I’m currently enrolled in a Conceptual & Experimental Fiction class and I’m reading the strangest of fiction, one that is challenging my conventional approach to writing and opening me up to new and imagined worlds.
After reading “Mud” by Geoffrey Forsyth, I attempted to create an imitation. I can’t say how close or far I am walking these lines of conceptual writing, but I like this because it’s different from anything I’ve written.
This is our first time—our anniversary dinner in sixteen years. When I say I’ve been waiting for this moment, I don’t mean I’ve been sitting at the gate like most people do around here, counting weeks and months off their fingers and toes, in eager anticipation for death to snatch their loved ones so they can be less lonesome. Well, perhaps I have been a little impatient and there have been days I wanted Joyce to get her sooner, to leave the earth painlessly and make it to this side, right next to me.
And this is the day.
She’s wearing some kind of a purple halter dress. Her hair could use some shine, but she is still the most beautiful woman I know. I walk towards her to touch her, to feel the softness of new skin in my palm, to hold my woman in my arms like a prize. I know people are watching; I told them all about Joyce—how her eyes gleam, how she walks as though her feet do not touch the ground, voice so silvery you never want her to stop talking. When I see her finally settle her eyes on me, I try to hold my head high and not come falling apart. My love for her, even in death, has been free running – a river of abundance; I am so bloated with affection I fear I will burst at the seams. We have what my mother called the wildflower love: a devotion that bloomed in all seasons, a vibrant and delightful spring that was almost impossible to miss. But when I look at her now, there is not a hint of joy. It is almost puzzling, as if I am not who she is expecting, or even worse, that she has no recollection of who I am, of what we were.
“My love, what’s the problem? Are you not happy to see me?” I say this as I walk carefully toward her, afraid she might retreat in fear and embarrass me.
I had dreamt about this moment—how she would leap into my arms, kiss me all over the face, her hand in my hair. I suspected she would cry with joy, some overwhelming gesture to make the moment even more special, to give these folks the performance they needed in a sullen place like this. But this arrival is nothing like I imagined.
“I’m sorry,” she says, “I left everyone I love back home. This wasn’t supposed to happen.”
She sits down in the chair I’ve pulled for her and pokes at the daisies I gathered at the center of the table. I have set down freshly baked wheat bread and peach juice. There are bowls of roasted groundnut and pineapple cut in the shape of hearts. When we met in college, all we did was leave meals at the door and feed each other. A belly language, hunger-easing, mouthful kind of love.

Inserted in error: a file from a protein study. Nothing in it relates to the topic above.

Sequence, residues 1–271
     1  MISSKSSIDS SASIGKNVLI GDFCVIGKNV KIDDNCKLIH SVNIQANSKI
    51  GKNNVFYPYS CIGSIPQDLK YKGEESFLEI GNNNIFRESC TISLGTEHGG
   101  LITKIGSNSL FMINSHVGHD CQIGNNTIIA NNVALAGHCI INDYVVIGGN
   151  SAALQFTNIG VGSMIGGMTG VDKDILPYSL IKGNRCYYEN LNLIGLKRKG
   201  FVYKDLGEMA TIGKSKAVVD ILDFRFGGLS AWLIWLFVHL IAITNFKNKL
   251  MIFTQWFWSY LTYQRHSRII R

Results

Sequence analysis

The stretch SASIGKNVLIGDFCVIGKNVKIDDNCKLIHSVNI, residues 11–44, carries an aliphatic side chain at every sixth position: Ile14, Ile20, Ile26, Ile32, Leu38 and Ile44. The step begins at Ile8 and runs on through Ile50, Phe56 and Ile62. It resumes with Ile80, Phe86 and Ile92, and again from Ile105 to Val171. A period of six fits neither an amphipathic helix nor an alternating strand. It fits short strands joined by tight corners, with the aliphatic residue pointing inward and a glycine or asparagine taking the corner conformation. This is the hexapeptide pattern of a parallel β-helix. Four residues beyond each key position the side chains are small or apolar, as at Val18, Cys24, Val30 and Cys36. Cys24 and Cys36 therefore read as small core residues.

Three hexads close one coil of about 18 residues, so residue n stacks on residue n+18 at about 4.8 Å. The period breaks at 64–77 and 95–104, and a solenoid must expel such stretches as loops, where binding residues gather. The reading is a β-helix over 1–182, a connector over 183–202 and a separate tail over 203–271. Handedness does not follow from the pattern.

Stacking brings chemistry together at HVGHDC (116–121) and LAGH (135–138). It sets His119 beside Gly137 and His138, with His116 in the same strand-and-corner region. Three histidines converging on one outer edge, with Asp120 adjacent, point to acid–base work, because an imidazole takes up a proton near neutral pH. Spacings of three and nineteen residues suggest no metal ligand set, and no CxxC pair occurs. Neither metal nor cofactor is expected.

But at the table, she won’t even look at me. What does she mean everyone she loves? Who cares about our parents and what little time they have on earth? I left them too.
“This wasn’t supposed to happen?” I move around to my seat, mindful to keep my tone down so people do not hear my disappointment and growing irritation.
“Joyce, we haven’t seen each other in ten years. I missed you. How can you not want this?” I am losing patience; I sound like a child. “How is this not better than being a grieving widow at home all this time?” I rub my fingers against my knees under the table, a nervous habit.
That’s when she throws her head up and gives me the look. I know immediately I have crossed a line, said what was not supposed to be said, or as I like to believe, what one is never ready hear. But none of this is adding up. When we first married, I remember telling her I’d throw myself in a river if she ever left me. Of course, that was a melodramatic declaration of an twenty-year-old romantic, but I couldn’t stand the thought of losing her even then. And now my yearning, my waiting, my neglect of the people here seems useless. I attempt to return her glare, but as always, her look appears to ride on a wave of flame, burning a hole right through mine. I quickly look away and quiet the sob swelling in my throat.
“I was not a grieving window, Seth. I was not going to spend the rest of life consumed by sorrow-
She is crying now, her words punctuated and muffled by every emotion. This is my woman—attentive, deep thinking, so effortlessly present and sensitive to every moment. I shift in my seat. Nothing about this is going as I hoped.
“I remarried. I have two boys, Seth. Two precious boys I’ll never get to see grow up. My husband is…”
Her voice trails off now as her eyes, again, finally meet mine.
Around us, there is not a single movement. People have heard us; they have seen this outward rejection of what was supposed to ignite something in this place. There was a new man, someone had taken my place and the woman of my heart.
I know they are waiting to hear what I have to say, what words of desperation or redemption will come out of me. I feel inside my chest my love for her hitting me on every side, as if revolting against my very being. I want to vanish from the table, but I don’t want to move away from seeing her face. I want to bury my face between my legs and weep, but I don’t want to indulge the pity and rage. The strongest impulse nags at me: if only I can reach my arm across the table and lace my fingers through hers… But I cannot bring myself to do so. Instead, I grab the bread between us, break it in my trembling hands and say, “How about something to eat?”